Native American art exhibit in Louisville temporarily closed

The Speed Art Museum opened the reinstalled Native American galleries April 5, and closed them April 10.

The exhibit was closed to the public due to “unforeseen mechanical malfunctions near the Native American galleries,” according to an email response from Jackie Osman, the museum’s associate marketing and communications director.

“The malfunction was related to an HVAC issue,” Osman said, in part. She said the problem has since been resolved.

Planned programming around the Native American galleries will continue, including a community day event April 28. Osman said they will open the exhibit after the temporary closure before the community day, but did not provide a date.

LPM previously reported that the museum’s Native American galleries’ reopened around three months after the U.S. Department of the Interior’s update to NAGPRA, the Native American Graves Protection and Repatriation Act, went into effect.

“The temporary closure had nothing to do with NAGPRA guidelines, it was a completely separate mechanical issue that happened to occur at a very unfortunate time,” Osman said in the email.

Fari nzinga, the exhibit’s curator, and curatorial intern Sirene Martin previously told LPM the standards update came in the middle of their work on relaunching the galleries.

The new federal regulations now require museums to get free, prior and informed consent from Native tribes before displaying objects of cultural significance. They also require tribal consent before museums can conduct research or loan the objects.

Those objects include funerary articles from burial sites, sacred items connected to religious practice and objects of cultural patrimony — meaning those that collectively belong to a tribe, community or family, like a cradleboard or ancestral remains.

The Speed Art Museum reported it currently has eight ancestral remains, and that they have not yet repatriated them.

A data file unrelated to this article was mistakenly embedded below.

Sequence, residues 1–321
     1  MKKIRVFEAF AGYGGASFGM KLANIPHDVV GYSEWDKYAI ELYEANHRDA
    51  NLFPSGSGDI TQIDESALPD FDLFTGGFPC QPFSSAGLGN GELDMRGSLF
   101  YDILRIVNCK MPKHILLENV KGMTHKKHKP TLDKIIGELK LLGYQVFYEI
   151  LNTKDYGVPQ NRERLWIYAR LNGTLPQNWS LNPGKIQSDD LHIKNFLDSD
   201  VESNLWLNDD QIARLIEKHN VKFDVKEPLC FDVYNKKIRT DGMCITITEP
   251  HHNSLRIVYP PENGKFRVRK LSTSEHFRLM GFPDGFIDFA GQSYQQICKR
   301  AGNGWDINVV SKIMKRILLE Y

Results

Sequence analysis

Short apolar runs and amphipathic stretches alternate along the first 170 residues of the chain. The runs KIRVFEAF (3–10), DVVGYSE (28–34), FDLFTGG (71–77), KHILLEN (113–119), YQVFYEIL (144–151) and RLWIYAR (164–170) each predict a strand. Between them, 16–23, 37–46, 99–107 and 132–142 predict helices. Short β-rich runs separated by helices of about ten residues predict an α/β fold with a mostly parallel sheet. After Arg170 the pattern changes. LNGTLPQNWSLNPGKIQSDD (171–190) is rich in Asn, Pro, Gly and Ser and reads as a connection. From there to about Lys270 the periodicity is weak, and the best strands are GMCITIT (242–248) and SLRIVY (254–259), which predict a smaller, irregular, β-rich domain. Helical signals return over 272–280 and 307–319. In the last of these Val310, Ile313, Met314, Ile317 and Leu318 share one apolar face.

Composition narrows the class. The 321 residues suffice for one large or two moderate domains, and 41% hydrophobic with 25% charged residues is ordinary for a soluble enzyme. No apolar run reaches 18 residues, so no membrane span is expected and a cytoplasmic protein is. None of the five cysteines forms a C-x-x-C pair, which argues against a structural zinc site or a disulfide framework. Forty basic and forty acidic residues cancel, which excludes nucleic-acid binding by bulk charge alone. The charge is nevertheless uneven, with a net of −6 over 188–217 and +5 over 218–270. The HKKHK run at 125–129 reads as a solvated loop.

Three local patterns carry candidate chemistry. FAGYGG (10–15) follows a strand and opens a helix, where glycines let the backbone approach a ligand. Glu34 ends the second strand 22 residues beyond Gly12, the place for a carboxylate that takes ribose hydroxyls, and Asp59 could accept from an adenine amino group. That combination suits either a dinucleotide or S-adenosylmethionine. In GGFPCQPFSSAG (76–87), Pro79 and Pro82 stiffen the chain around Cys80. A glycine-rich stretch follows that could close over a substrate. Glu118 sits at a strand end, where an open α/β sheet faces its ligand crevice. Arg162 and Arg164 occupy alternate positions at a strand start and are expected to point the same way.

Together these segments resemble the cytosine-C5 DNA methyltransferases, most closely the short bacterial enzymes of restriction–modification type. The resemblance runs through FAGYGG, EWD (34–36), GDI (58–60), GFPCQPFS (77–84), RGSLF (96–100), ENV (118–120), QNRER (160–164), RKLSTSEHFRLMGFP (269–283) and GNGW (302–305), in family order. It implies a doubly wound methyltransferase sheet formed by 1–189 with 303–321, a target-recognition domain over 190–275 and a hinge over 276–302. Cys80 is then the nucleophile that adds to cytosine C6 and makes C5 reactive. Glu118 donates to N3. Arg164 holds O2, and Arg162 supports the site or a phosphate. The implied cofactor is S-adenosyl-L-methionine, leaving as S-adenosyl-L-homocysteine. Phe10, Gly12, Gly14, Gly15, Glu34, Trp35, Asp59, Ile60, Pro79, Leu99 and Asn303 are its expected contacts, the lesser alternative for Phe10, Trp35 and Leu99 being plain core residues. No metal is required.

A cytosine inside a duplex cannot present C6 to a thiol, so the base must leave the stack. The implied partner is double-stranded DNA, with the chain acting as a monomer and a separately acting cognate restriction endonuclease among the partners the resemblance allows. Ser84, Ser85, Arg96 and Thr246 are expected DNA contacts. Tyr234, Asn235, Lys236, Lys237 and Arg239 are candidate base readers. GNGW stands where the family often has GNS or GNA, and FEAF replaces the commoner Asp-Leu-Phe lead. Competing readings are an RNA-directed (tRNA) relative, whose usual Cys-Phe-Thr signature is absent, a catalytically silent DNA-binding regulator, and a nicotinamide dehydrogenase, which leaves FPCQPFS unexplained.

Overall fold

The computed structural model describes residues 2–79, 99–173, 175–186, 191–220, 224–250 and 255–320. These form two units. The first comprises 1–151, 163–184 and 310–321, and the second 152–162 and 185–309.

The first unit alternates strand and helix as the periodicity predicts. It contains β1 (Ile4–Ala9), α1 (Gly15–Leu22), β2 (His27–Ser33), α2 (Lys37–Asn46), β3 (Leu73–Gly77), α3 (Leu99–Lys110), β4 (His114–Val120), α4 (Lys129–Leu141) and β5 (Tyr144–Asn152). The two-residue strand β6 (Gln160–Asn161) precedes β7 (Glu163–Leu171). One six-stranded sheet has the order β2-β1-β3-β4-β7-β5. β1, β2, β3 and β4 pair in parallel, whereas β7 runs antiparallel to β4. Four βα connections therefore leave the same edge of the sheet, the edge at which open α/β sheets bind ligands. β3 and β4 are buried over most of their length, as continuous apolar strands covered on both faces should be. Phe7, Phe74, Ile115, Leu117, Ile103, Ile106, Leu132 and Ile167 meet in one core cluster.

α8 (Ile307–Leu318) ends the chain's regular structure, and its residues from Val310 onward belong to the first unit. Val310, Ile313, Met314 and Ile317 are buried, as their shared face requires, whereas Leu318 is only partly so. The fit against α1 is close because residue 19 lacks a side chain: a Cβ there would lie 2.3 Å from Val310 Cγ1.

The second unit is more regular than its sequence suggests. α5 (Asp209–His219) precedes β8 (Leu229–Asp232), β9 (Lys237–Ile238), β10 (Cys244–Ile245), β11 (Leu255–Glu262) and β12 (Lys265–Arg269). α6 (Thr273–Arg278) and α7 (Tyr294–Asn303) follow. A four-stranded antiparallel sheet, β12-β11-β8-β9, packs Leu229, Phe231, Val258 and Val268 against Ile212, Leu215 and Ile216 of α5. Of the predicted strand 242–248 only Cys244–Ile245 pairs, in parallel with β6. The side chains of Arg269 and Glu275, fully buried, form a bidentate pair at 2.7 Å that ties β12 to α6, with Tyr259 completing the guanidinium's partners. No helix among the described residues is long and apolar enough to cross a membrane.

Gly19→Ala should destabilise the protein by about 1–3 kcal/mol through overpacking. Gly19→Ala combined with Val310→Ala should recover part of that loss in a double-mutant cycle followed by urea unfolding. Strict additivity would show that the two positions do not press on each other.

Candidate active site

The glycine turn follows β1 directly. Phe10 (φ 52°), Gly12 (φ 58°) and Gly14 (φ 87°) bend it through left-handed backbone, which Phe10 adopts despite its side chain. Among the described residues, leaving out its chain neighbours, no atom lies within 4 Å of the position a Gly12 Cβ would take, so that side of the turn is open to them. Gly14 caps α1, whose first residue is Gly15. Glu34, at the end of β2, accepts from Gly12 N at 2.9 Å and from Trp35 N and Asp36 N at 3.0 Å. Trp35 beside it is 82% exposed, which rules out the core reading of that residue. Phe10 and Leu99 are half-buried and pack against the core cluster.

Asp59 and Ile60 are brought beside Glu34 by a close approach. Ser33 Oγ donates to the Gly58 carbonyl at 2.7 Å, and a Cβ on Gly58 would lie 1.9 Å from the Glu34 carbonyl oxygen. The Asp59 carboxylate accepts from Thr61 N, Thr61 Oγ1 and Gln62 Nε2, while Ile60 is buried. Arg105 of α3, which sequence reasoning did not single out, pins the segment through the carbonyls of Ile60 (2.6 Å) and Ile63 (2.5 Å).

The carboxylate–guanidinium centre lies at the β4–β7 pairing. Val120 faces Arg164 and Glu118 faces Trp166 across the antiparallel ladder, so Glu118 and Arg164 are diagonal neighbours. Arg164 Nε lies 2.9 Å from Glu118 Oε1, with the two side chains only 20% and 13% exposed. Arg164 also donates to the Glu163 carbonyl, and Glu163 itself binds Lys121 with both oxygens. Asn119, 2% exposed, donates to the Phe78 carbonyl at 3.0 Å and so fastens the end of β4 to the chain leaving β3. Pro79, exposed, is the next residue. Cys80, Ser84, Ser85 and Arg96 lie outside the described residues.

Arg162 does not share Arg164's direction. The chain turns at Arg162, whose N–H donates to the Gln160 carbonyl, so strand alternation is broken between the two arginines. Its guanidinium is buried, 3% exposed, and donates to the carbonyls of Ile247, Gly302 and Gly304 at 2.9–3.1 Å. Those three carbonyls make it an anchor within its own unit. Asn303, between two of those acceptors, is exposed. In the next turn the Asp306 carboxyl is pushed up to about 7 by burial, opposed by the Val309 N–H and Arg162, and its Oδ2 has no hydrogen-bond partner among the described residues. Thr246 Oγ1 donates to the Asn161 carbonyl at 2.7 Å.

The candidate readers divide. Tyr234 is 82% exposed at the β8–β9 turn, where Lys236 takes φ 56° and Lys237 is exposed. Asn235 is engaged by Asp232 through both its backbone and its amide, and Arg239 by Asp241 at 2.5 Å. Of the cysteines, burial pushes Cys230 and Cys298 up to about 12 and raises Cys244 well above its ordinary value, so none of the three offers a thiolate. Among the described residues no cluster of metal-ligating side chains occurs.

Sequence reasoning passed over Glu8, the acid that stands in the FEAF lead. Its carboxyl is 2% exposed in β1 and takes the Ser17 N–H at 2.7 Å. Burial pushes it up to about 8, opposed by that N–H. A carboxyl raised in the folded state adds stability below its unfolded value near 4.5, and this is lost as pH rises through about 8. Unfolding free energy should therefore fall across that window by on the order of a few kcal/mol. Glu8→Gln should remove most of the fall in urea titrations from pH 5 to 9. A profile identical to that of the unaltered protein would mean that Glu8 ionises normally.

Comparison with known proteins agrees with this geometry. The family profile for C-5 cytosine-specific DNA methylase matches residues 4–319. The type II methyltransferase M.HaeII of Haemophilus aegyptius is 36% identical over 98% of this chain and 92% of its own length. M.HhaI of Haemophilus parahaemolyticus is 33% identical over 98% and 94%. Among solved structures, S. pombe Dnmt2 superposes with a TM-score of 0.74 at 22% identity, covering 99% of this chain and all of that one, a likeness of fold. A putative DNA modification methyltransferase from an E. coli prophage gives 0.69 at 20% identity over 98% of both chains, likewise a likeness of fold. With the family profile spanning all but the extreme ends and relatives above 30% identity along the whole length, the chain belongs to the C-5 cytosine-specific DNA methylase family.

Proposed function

After the January update to the NAGPRA guidelines, museums across the country, including the American Museum of Natural History in New York, closed some Native American exhibits to review NAGPRA-sensitive items in their collections.

For the Speed’s exhibit, nzinga said they had reached out to over 200 tribes late last summer with a “wide open invitation” to consult with the museum on various NAGPRA-sensitive objects the museum had in its collection. The galleries also included contemporary work by Native American artists.

The previous installation of the Native American Art Galleries had 72 objects on view, according to the Speed Museum. The 2024 reinstalled galleries have 39 objects on display, but museum leaders did not provide a response to questions about whether they still needed to get consent for the pieces that aren’t on display.

The community day event April 28 is free and open to the public. It will include Indigenous music and dance performances, art and food on sale, and a public conversation with Meranda Roberts who is on the Speed Museum’s Native American Advisory council board and helped curate the exhibit.

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